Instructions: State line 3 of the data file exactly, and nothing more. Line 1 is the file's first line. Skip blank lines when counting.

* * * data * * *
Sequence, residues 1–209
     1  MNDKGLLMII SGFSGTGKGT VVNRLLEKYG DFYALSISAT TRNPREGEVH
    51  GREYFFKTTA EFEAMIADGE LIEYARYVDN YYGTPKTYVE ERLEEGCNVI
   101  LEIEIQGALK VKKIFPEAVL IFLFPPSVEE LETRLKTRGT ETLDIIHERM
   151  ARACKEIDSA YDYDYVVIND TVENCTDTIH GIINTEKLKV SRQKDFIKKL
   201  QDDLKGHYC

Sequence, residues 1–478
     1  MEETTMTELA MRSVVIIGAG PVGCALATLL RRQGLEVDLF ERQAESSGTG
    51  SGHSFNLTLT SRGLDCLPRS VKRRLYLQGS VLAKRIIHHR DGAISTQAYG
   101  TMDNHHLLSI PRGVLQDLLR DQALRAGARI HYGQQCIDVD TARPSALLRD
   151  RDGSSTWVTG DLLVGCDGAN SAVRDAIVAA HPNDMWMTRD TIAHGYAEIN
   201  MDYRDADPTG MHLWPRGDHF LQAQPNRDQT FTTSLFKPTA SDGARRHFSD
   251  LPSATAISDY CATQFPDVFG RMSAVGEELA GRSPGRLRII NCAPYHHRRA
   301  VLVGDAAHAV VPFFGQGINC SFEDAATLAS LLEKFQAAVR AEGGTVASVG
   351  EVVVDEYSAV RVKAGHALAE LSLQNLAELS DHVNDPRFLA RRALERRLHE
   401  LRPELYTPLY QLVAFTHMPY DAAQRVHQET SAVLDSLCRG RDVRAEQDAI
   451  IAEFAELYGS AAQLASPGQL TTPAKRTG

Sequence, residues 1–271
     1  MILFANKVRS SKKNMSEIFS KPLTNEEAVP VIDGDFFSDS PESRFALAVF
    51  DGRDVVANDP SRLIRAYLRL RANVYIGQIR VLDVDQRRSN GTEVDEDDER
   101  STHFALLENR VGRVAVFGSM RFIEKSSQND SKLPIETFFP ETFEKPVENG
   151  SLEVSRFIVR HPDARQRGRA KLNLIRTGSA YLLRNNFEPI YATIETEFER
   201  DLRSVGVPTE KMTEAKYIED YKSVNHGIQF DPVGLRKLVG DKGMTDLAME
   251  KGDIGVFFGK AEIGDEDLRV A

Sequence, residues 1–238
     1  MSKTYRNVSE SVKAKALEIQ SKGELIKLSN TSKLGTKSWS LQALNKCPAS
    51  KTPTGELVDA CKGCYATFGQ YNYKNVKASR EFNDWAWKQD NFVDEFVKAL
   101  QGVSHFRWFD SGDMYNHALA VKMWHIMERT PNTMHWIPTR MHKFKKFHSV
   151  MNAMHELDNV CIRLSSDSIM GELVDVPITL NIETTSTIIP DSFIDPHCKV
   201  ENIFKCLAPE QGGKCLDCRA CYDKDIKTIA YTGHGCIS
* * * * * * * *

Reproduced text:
    51  GREYFFKTTA EFEAMIADGE LIEYARYVDN YYGTPKTYVE ERLEEGCNVI